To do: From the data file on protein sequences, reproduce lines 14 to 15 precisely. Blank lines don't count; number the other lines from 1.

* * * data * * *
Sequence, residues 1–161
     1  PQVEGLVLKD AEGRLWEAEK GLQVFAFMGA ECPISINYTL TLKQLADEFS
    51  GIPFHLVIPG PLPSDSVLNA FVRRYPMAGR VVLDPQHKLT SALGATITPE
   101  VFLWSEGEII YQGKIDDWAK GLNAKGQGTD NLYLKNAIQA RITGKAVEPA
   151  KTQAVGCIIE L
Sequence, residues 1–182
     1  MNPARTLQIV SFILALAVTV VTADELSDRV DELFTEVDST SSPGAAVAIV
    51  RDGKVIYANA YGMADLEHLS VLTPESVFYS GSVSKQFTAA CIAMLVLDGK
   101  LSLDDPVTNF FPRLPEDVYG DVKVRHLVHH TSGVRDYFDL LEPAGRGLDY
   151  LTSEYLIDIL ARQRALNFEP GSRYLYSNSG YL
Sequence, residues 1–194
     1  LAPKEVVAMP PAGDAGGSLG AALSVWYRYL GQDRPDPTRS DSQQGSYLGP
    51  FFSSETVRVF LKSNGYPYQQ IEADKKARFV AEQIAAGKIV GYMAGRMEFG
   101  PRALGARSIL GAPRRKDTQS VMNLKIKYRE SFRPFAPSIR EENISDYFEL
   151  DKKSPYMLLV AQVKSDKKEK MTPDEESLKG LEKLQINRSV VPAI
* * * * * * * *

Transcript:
   101  PRALGARSIL GAPRRKDTQS VMNLKIKYRE SFRPFAPSIR EENISDYFEL
   151  DKKSPYMLLV AQVKSDKKEK MTPDEESLKG LEKLQINRSV VPAI